Samuel W. Parker, a member of Congress from 1851 to 1855 and a resident of Connersville from 1828 until his death in 1859, was born on September 9, 1805, in Watertown, New York. When ten years of age he removed with his family to Cincinnati, and three years later the family located at Oxford, where young Parker completed his education at Miami University, graduating at the head of his class in 1828.

Shortly after his graduation, Samuel W. Parker located in Connersville, and in November, 1828, opened a private school in the village, which he taught for several terms. He was principal of the county seminary when it opened, and maintained his connection with that institution until April, 1830, when he resigned to engage in newspaper work in the village. The newspaper chapter elsewhere in this volume sets forth his connection with the press at Connersville.

While teaching and later while engaged in newspaper work, Mr. Parker devoted his spare moments to the study of law in the office of O. H. Smith. He was admitted to the bar in August, 1831, and from that time until his death he was engaged in the active practice of his profession, with the exception of the time he spent in Congress. He served in both branches of the General Assembly of the state and also served by appointment as prosecuting attorney. His first election to Congress was in 1850 and by re-election he served from March 4, 1851, to March 4, 1855. He could easily have been elected for the third term had he so chosen, but he declined to accept the renomination. As soon as he had left the halls of Congress he returned to his home in Connersville and from that time until his death divided his attention between the practice of law and the direction of the various railroad interests with which he was identified. He was president of the Junction Railroad Company at the time of his death, February 1, 1859, and had for several years previous been president of the White Water Canal Company.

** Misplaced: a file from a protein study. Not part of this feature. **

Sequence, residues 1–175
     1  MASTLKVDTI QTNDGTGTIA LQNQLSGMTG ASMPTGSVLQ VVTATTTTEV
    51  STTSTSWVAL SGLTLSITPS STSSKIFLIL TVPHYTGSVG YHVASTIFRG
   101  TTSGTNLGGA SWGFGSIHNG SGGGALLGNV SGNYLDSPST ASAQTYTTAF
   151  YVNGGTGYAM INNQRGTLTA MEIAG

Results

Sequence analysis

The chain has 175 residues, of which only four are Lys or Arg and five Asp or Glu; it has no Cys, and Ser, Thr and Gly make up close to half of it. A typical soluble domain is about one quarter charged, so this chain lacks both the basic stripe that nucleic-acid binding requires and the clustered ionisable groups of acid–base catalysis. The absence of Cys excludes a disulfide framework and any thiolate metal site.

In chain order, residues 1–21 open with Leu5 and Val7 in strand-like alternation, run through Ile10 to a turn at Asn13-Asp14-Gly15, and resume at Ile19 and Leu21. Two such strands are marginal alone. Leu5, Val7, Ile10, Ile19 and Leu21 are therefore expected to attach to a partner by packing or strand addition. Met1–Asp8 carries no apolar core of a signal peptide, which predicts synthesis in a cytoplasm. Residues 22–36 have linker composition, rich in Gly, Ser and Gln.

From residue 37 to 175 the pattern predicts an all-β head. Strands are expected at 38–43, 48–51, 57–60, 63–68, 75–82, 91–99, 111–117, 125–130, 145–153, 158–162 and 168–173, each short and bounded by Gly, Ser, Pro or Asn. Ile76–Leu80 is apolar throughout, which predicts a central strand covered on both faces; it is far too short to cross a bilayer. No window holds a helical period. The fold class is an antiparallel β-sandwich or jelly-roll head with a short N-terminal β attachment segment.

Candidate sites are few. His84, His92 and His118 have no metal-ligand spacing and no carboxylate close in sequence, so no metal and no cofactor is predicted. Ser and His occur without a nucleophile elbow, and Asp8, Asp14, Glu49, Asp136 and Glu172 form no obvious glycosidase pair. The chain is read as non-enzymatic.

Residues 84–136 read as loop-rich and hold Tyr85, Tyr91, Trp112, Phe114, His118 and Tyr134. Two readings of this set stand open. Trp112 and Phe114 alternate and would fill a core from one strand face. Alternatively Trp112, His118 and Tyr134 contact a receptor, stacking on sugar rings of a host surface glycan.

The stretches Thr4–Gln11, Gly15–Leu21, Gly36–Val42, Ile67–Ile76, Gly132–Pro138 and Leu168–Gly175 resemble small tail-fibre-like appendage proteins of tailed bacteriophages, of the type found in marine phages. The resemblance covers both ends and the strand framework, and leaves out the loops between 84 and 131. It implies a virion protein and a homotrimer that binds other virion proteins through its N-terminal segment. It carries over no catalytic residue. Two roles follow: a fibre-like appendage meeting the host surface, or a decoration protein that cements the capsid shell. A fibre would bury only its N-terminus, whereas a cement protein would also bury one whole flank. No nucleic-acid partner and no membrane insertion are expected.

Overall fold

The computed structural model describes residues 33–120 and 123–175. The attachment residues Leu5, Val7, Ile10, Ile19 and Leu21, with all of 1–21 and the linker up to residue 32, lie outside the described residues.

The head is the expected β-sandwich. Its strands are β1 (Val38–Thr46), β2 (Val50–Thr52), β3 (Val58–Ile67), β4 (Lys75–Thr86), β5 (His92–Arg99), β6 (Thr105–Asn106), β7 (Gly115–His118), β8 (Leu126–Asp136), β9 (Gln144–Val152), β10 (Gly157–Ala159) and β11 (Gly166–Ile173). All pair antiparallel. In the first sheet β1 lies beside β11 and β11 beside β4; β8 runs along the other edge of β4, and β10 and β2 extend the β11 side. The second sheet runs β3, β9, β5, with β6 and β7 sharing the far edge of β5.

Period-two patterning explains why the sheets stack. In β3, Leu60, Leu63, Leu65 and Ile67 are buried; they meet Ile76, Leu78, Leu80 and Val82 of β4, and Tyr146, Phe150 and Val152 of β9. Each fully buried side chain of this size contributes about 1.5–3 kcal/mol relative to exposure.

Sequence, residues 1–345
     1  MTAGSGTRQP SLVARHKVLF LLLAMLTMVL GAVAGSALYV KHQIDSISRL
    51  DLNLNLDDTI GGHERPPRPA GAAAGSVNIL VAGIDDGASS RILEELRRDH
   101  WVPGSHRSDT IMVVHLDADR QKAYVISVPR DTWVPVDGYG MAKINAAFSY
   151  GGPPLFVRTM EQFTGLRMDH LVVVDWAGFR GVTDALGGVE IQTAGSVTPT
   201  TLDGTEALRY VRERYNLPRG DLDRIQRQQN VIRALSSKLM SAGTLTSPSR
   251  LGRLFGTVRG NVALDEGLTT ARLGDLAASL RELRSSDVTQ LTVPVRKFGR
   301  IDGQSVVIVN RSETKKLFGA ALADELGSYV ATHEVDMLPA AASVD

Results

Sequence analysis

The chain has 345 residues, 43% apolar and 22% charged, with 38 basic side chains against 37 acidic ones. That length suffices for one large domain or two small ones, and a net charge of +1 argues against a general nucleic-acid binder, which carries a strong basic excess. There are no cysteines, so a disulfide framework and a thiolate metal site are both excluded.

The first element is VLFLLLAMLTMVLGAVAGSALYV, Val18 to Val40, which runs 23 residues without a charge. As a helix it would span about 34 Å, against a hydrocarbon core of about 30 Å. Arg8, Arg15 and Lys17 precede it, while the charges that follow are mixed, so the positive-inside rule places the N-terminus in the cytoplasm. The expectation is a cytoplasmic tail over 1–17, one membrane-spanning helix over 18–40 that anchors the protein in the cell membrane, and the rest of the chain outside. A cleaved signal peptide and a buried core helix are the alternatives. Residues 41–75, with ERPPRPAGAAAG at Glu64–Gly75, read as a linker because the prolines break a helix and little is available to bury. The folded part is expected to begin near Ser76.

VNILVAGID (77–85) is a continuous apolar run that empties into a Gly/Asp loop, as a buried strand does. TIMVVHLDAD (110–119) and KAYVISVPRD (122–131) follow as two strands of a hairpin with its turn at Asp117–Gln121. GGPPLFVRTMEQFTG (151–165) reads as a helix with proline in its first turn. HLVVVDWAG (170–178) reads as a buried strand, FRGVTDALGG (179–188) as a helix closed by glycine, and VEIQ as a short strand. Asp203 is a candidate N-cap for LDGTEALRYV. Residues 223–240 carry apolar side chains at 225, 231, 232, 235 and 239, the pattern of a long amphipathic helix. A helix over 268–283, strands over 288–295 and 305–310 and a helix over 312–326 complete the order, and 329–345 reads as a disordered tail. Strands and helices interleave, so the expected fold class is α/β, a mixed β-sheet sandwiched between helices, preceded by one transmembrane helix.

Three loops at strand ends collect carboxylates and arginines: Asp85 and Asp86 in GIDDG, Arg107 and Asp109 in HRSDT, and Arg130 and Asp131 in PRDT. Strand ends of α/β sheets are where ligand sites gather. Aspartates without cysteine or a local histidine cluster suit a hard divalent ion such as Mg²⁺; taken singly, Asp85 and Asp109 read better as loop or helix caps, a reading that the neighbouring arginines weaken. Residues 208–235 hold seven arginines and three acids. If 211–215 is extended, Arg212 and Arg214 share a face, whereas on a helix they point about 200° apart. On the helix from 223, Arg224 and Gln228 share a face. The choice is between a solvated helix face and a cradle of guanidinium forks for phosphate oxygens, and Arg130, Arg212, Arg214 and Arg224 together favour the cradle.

Parker was the leader of the Whig party in Indiana for twenty years and his services as a campaign speaker were, in constant demand throughout the country. He was married on July 16, 1833, to Susannah Watton, of Connersville, who survived him many years.

"History of Fayette Counties, Indiana"
published by B. F. Bowen & Co. Indianapolis, IN 1917

William W. Wick, the first lawyer in Connersville and a resident of Fayette county until 1822, was born at Cannonsburg, Pennsylvania, February 23, 1796. When he was four years of age he removed with his parents to the Western Reserve of Ohio, where he grew to manhood. During the two years following 1814 he taught school in Washington county, Pennsylvania, and in the spring of 1816 went to Cincinnati. There he taught school and began the study of medicine, but later decided to forsake the medical profession and engage in the practice of law. About 1818 he began the study of law at Lebanon, Ohio, and sometime during the following year was admitted to the bar in that state. Having been admitted to the bar, the next question was where to locate. He heard of the newly-organized county of Fayette in Indiana and finally decided to cast his lot with its county seat. Accordingly in December, 1819, he located in Connersville, the first lawyer to settle in the county. In December, 1820, he was chosen clerk of the Indiana House of Representatives and served through two sessions in that capacity. The Legislature elected him president judge of the fifth judicial circuit, February 7, 1822, and with his election to that office he severed his connection with Connersville forever, and located in Indianapolis.

There is probably not a man in Indiana who filled more official positions than William W. Wick. The different official positions he held covered practically the whole period from 1822 to 1857, his official positions following: President judge, 1822-25; secretary of state, 1825-29; quartermaster general, 1826; prosecuting attorney, 1829-33; president judge, 1834-39; congress, 1839-41 and 1845-49; president and circuit judge, 1849-53; postmaster of Indianapolis, 1853-57.